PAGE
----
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Pam’s Five Favorite Snorkeling Spots in the Bahamas!

 

I have talked a lot about the pristine beauty of the Bahamas and how much I love sailing there. After sailing around the world, it is still hard to beat that perfection of shallow water sailing, crystal clear water, thousands of anchorages, and white pearly beaches. The Bahamas is an aquarium right below your boat! The beauty beneath the water is as spectacular as above the water!

Let’s take a quick look at some of my favorite places to snorkel in the underwater world of the Bahamas. Grab your really good mask, snorkel and flippers I suggested you might want while cruising, and let’s explore from the north, working our way south as if we have entered the Bahamas at West End.

There is tiny Moraine Cay, near the anchorage at Allans-Pensacola. It is not a good night-time all-weather anchorage, so go there from Allans-Pensacola by mother ship during the day only, or by good, fast dinghy. The reefs surrounding this cay are well worth the effort of getting there. There are colorful coral heads, a myriad of fluorescent tropical fish, the odd nurse shark, and the ever present grouper and parrot fish. Visiting the cay by land is also fun. We found a tiny struggling key lime bush with a note in a bottle stating, “Please water me so I can grow my limes for your fish dinner!”  Well, how could we resist that? We gave the little plant some of our fresh drinking water!

Further down the Sea of Abaco, a magnificent sand bar extends southwestward from Powell Cay. This sandbar stands out like a fluorescent light. Anchor to the north of the bar and snorkel in the shallow water. You can uncover beautiful clean sand dollars, sea biscuits, and other shells like the colorful sun ray talons. As you snorkel along, wave your hand over the ripples of bottom, and right under the cover of that silky sand are the shells. It’s like a fun Easter Egg Hunt.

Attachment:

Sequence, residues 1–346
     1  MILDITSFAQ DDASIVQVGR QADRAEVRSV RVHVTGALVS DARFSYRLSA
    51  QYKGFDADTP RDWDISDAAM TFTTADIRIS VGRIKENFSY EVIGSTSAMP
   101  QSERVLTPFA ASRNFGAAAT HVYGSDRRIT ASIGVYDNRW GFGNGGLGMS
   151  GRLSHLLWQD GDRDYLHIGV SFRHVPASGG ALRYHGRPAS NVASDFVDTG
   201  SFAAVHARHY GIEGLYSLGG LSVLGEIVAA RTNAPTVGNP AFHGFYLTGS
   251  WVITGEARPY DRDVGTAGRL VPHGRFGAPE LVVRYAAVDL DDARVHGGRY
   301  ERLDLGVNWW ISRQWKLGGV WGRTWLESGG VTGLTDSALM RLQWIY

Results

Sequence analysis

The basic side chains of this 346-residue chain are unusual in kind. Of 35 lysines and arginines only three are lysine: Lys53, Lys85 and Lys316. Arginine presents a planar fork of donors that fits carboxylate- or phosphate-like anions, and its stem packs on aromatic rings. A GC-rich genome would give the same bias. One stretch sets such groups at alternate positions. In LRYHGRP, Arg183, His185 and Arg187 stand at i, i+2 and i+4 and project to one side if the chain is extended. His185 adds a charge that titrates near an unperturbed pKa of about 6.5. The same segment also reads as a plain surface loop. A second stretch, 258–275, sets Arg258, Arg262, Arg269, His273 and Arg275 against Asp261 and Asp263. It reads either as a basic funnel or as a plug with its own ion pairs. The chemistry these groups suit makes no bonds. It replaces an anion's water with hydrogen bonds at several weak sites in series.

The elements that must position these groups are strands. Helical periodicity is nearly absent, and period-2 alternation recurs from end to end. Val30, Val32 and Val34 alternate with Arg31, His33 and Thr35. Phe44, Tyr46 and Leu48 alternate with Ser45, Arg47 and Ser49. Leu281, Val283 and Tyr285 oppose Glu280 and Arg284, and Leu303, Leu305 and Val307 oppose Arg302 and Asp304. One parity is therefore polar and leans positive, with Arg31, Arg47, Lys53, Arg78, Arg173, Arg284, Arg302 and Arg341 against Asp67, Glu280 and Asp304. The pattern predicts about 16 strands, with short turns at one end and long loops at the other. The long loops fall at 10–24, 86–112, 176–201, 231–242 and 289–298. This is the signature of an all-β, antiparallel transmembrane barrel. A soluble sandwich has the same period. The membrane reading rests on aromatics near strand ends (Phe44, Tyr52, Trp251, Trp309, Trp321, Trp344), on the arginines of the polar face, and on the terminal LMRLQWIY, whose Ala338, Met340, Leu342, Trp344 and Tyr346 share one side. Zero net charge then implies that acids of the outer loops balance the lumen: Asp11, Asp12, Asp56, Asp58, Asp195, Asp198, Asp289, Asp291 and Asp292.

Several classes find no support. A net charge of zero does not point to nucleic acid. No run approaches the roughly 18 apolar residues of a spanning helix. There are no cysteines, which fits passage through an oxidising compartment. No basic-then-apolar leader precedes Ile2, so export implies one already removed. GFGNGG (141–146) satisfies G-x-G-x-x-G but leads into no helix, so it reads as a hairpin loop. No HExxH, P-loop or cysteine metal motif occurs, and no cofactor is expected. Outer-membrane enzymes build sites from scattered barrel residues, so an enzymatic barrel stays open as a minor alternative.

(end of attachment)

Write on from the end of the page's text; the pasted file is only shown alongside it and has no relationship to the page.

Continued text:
The next place I really like to snorkel is on the outer reefs of the Sea Park of Fowl Cay. You proceed out North Man-O-War Channel to anchor in the sand between Fowl Cay reef coral heads. If coming by tender, there are moorings to secure to while exploring. The coral heads surround you and Bennie the Barracuda could come take a gander at you, his mouth opening and closing and his sharp teeth smiling at you! These lovely reefs are full of all kinds of fish. The park is protected, so do not take anything from the sea while admiring the reefs.

A wonderful small reef, good for beginners and children, is right outside Marsh Harbor. Mermaid Reef is a gorgeous little coral head just filled with lovely tropical fish. It is easily reached by dinghy and you can even swim there from the shore.

Now let’s jump down to Tilloo Bank just south of Lubbers Quarters. Wow, what a bank!  Again, it is pure white sand. You will have to anchor in the deeper green water and take your tender over the bank. In only about five feet of depth, it’s easy to anchor and flip over the side. This is another perfect place for collecting shells just beneath the surface of the sand. Little black-tipped pompano swim with you and lots of starfish light your way across the bank. One caution; the swift outgoing tide makes a very strong current over the bank. Be careful if little children are swimming and watch your dog carefully as well.

Just a bit to the south of Tilloo Bank is the most beautiful of all snorkeling places in the protected Sea of Abaco — Sandy Cay. This is a really special place for diving, abundant with gorgeous colorful coral, magnificent leopard rays, curious barracuda, and all the brightly colored tropical fish you can imagine. Grouper and snapper and even a few moray eels can be seen if you look carefully in the crevasses of the coral!  Black tipped sharks are cruising there too. It is my favorite. A word of caution, the tide really races here, so always remember to swim up current of your moored tender. That way it is always an easy ride back to your boat with the current. There are several mooring buoys for small boats only, so anchor your mother ship somewhere nearby, take your tender and use the moorings. No anchoring is allowed here (to protect the park and its beautiful coral).

This is just a very small list of my favorite snorkeling places in the Abacos and the rest of the Bahamas. It would take a full book to even try to describe the thousands of great diving areas for you to enjoy your own sea aquarium.

Jump in with me, and see for yourself the magnificence of the Bahamas under the water!

Follow her on Facebook at Pam Wall Cruising and Sailing Consulting, visit her website www.pamwall.com or contact her directly at pam@pamwall.com.

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